Spread love during snowy holiday season

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Austin Yattoni

A photo of a women walking down the sidewalk on University Avenue north of Beckman Institute on December 4.

By Brandon Zegiel , Columnist

Christmas, a national holiday celebrated by nine in every 10 American people, seems to gain cultural steam every year — so much so that even Starbucks draws in extra money using its beloved Christmas-patterned cups and special holiday blends.

And while people drink their coffee, they use that extra energy to shop a little longer, increasing the revenue and amount spent on a holiday that generates some of the best consumerism.

Shopping for others is fun, as every year I try to get my family and close friends something special. I am not going to deny that finding a perfect gag gift for my sister is a humorous experience. But the idea behind the perfect gag gift is not the physical item that gets wrapped, then put under the tree. It is about the moment when the giver watches the receiver unwrap it. Typically, I also wrap the gift for my sister extra specially, taking the time to make sure the tape covers every crease, so it’s nearly impossible to open it.

I am that annoying younger brother for sure, but she has no choice of whether to love me or not. And for many of us, that’s what family is about. It’s the unconditional love we have for each other when we sit on Christmas night, drinking our tea or coffee and talking about the new year ahead.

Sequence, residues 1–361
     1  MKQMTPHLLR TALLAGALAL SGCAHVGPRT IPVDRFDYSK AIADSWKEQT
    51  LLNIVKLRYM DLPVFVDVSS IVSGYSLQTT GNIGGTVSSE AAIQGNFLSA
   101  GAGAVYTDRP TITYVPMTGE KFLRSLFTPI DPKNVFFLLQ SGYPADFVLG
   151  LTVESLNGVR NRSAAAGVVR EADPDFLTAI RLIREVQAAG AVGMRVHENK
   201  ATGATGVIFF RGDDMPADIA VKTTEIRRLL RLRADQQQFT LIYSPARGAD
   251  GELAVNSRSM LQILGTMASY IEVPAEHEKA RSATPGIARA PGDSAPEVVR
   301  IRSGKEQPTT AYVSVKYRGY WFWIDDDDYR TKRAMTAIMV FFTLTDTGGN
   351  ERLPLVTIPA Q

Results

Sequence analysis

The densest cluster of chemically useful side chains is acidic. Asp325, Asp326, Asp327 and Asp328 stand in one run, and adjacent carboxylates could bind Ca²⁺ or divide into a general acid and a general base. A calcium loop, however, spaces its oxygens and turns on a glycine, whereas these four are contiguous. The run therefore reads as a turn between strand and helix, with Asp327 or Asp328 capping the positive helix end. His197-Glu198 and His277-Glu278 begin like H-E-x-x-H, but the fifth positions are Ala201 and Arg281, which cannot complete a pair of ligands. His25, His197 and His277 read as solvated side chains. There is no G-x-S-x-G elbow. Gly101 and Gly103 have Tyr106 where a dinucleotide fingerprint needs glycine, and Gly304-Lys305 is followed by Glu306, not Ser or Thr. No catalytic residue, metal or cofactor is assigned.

I love Christmas time because of that spirit, and it’s undeniable that I love winter break, where a whole month is given to me for freedom to do whatever I want. Recognizing the importance of family, and the non-universal nature of it, I do my best to appreciate the love my parents show for my sister and me, which essentially is the greatest gift of all.

And while some people dislike their families for various, often justified reasons, it is still important to acknowledge our connections with them. Sometimes it can be hard, and there are certainly situations where family members don’t deserve our love, but the challenge of bonding with them is often worthwhile.

I’ve been in one of those minor annoying situations, where my family laughs as funny videos or stories of me in my past are brought up, or I look at my uncle in disbelief shocked that words even came from his mouth.

But the reality is that I love the videos, stories and funny relatives, because they are my one and only family, offering me support, laughs and memories unlike any I can ever experience with anyone else. The holiday season — and for me, Christmas — is a great time to bond with family and create those memories to laugh about together later.

Whether it’s putting up the tree together, waiting for a peppermint latte or taking a vacation somewhere else, there are cherished memories to keep. That is what Christmas means to me.

Bottom line, even if an individual hates Christmas or their preferred holiday, family should still matter.  This holiday season, I hope my fellow students can find reasons to love their families. For in some cases, they are the greatest gifts of all.

Brandon is a sophomore in LAS.

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